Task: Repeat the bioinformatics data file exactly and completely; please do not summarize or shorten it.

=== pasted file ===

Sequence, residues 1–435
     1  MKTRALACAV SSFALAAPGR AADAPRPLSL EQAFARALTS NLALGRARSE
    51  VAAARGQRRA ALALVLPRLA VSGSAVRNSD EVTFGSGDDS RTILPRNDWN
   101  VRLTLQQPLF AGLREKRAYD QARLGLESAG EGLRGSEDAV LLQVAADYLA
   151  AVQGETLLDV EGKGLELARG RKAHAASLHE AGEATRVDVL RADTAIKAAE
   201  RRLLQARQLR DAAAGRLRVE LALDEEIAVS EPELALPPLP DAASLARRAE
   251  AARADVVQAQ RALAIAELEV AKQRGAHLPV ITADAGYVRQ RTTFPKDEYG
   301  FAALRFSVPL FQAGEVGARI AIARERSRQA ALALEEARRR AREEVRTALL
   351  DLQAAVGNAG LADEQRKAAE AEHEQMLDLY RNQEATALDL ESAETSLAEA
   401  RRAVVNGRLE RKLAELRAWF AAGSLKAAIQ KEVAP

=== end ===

Sequence, residues 1–435
     1  MKTRALACAV SSFALAAPGR AADAPRPLSL EQAFARALTS NLALGRARSE
    51  VAAARGQRRA ALALVLPRLA VSGSAVRNSD EVTFGSGDDS RTILPRNDWN
   101  VRLTLQQPLF AGLREKRAYD QARLGLESAG EGLRGSEDAV LLQVAADYLA
   151  AVQGETLLDV EGKGLELARG RKAHAASLHE AGEATRVDVL RADTAIKAAE
   201  RRLLQARQLR DAAAGRLRVE LALDEEIAVS EPELALPPLP DAASLARRAE
   251  AARADVVQAQ RALAIAELEV AKQRGAHLPV ITADAGYVRQ RTTFPKDEYG
   301  FAALRFSVPL FQAGEVGARI AIARERSRQA ALALEEARRR AREEVRTALL
   351  DLQAAVGNAG LADEQRKAAE AEHEQMLDLY RNQEATALDL ESAETSLAEA
   401  RRAVVNGRLE RKLAELRAWF AAGSLKAAIQ KEVAP